Criminal case

Justices divided on firearm 'use' sentencing

December 15, 2010
Michael Hoskins
A divided Indiana Supreme Court has held that state statute dictates that the use of a firearm can be the grounds for a sentence enhancement that doesn’t constitute a double jeopardy violation.
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Justices: sentence shouldn't have been upped on appeal

December 10, 2010
Jennifer Nelson
The Indiana Supreme Court has ordered that a man’s sentence be reduced after the lower appellate court increased it on appeal.
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COA divided on dismissal of OWI charges

December 9, 2010
Jennifer Nelson
The Indiana Court of Appeals split on whether a defendant’s operating while intoxicated charges should have been dismissed because the charging information didn’t let the man know what vehicle he needed to defend against operating.
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Justices split on imprisonment for violating probation

December 9, 2010
Jennifer Nelson
The state must prove a probationer accused of violating a term involving a payment by not paying did it recklessly, knowingly or intentionally. The burden is on the probationer to show an inability to pay, the Indiana Supreme Court decided in an opinion handed down Wednesday afternoon.
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Appellate court to hear arguments in Fishers

December 9, 2010
IL Staff
The Indiana Court of Appeals hits the road Friday to visit Hamilton Southeastern High School in Fishers for oral arguments in an interlocutory appeal involving the denial of a motion to suppress.
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7th Circuit: judge erred when sentencing man

December 2, 2010
Jennifer Nelson
The 7th Circuit Court of Appeals ordered an Indiana District Court to take another look at a man’s sentence because the judge cited incorrect information during sentencing.
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Judges: Officers lacked reasonable suspicion to stop and detain man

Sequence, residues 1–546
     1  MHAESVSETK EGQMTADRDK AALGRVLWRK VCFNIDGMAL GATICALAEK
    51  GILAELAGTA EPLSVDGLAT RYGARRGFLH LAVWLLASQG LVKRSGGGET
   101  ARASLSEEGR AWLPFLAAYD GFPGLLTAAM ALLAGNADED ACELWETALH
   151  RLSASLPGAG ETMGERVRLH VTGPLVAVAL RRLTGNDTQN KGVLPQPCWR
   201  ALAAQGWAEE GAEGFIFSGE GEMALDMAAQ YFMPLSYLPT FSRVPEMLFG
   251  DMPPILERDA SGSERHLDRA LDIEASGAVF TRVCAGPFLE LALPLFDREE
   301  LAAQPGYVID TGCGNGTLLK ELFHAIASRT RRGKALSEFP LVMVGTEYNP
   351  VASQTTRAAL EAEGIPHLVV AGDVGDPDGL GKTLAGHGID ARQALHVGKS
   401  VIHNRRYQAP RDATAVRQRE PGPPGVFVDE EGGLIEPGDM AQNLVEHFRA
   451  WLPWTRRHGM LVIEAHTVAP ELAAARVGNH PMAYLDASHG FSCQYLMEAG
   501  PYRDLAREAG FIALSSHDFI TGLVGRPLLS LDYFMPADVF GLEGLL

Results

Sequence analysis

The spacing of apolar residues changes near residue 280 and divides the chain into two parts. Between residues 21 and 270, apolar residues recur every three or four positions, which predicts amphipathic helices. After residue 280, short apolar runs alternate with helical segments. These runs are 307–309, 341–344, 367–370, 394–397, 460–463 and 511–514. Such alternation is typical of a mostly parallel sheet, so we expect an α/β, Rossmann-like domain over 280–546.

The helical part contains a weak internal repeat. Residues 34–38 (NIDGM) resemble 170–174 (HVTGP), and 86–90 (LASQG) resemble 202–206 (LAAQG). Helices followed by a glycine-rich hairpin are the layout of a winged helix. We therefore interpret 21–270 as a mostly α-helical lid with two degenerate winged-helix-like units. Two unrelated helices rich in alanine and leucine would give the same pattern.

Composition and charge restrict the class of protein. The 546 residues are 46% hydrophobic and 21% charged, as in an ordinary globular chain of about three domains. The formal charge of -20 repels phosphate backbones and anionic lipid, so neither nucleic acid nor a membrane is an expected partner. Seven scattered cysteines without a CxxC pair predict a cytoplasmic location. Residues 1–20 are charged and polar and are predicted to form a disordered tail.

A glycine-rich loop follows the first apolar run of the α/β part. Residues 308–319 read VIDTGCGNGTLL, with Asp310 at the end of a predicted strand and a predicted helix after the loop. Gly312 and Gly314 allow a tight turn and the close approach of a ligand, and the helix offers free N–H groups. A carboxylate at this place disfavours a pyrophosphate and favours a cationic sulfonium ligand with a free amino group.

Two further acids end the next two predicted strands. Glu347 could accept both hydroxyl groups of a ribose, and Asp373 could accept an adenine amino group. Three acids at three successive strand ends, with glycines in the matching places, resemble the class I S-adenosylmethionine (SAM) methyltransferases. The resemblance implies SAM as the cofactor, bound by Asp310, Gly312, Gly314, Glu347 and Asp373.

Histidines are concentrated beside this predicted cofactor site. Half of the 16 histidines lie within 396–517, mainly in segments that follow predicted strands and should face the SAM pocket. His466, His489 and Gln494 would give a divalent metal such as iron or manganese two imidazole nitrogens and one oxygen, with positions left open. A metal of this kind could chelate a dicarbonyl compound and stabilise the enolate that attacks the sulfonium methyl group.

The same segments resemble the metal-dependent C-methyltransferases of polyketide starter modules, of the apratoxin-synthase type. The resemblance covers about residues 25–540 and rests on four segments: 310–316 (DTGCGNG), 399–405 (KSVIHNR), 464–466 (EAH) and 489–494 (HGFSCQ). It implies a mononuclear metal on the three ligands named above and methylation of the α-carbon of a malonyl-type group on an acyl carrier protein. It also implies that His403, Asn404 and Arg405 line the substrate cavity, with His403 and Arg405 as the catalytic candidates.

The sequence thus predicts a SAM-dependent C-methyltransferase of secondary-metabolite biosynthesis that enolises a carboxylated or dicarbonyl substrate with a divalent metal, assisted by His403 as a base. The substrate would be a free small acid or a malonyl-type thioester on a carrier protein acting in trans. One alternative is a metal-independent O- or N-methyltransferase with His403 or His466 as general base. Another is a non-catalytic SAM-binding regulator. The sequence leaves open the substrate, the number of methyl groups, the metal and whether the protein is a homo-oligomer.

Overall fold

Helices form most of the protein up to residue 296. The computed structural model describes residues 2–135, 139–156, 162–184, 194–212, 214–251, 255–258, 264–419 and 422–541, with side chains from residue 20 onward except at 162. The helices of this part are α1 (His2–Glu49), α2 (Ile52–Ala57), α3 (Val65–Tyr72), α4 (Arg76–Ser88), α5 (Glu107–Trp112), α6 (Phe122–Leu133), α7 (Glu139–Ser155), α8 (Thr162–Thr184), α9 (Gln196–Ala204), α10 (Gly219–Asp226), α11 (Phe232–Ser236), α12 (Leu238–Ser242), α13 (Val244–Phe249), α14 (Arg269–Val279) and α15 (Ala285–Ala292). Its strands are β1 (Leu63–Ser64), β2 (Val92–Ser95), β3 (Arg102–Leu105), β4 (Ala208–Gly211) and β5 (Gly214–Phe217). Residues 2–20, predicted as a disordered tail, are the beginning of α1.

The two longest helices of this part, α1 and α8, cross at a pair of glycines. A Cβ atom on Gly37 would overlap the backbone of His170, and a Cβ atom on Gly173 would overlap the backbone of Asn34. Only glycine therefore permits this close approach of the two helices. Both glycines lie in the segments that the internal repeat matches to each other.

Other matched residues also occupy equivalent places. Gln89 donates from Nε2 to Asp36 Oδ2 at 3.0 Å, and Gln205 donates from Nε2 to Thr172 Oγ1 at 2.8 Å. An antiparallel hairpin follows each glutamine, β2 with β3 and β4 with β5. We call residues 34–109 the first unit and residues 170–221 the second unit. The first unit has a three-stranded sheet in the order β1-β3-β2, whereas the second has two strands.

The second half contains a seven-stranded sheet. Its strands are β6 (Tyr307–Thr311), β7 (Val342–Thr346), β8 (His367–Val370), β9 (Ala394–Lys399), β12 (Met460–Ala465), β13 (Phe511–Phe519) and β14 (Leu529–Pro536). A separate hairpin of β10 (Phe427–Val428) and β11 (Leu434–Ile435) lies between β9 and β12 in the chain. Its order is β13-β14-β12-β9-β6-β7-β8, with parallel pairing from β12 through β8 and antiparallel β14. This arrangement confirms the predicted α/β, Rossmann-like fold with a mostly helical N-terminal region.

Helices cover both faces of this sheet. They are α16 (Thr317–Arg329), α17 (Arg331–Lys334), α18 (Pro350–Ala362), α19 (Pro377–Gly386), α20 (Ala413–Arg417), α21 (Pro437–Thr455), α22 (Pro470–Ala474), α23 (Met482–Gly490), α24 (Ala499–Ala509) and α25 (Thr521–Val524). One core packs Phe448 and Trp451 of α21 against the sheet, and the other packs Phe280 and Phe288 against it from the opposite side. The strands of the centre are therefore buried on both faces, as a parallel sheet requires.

December 1, 2010
Jennifer Nelson
Because a man’s detention following a traffic stop wasn’t supported by reasonable suspicion, the Indiana Court of Appeals reversed his drug conviction today.
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Rule inapplicable as witness’s credibility not attacked

December 1, 2010
Jennifer Nelson
The Indiana Court of Appeals found a trial court didn’t err by not letting a defendant introduce evidence of his brother’s prior robbery because the defendant wasn’t attacking the brother’s credibility.
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Mendenhall gets 40 years for attack

November 19, 2010
Jennifer Nelson
Augustus Mendenhall, the attorney who attacked an Indiana state representative last year, received a 40-year sentence today from a Hamilton County judge.
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Judges uphold OWI conviction

November 19, 2010
Jennifer Nelson
The Indiana Court of Appeals concluded today that even though a statute uses the word “and” when saying a driver’s actions, thoughts, and normal control of faculties must be impaired, the state isn’t required to prove all three were impaired in order to get a conviction of operating a vehicle while intoxicated.
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7th Circuit: Drug convictions stand

November 17, 2010
Jennifer Nelson
The 7th Circuit Court of Appeals affirmed drug convictions against two defendants, holding the lower court didn’t err in admitting a police officer’s voice identification testimony regarding one of the defendants.
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Judges remand securities fraud case on statute-of-limitation issue

November 16, 2010
Jennifer Nelson
The Indiana Court of Appeals has ordered a trial court to reconsider whether it should discharge certain charges of securities fraud because the charges fall outside the statute of limitation.
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Dismissal of delinquency petition doesn’t endanger public

November 16, 2010
Jennifer Nelson
A juvenile court didn’t err in dismissing a delinquency petition against a teen who was found to be incompetent to stand trial, the Indiana Court of Appeals ruled today. The judges also found dismissing the petition did not unduly endanger the public.
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No error in refusal to tender 'missing witness' instruction

November 15, 2010
Jennifer Nelson
The 7th Circuit Court of Appeals affirmed a man’s drug convictions, finding the District Court didn’t err by refusing to give the jury a requested “missing witness” instruction.
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COA: State could charge man for leaving scene of fatal accident

November 10, 2010
Jennifer Nelson
The Indiana Court of Appeals affirmed a man’s conviction for failing to return to the scene of a fatal accident, finding the state wasn’t barred under collateral estoppel principles from prosecuting him for the same crime as another man who had already been convicted of causing the victim’s death.
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Court divided on invasion of privacy charge

November 8, 2010
Jennifer Nelson
The Indiana Court of Appeals split today as to whether a woman who had an order for protection against her should have been convicted of invasion of privacy when she spoke to the protected party during a court hearing.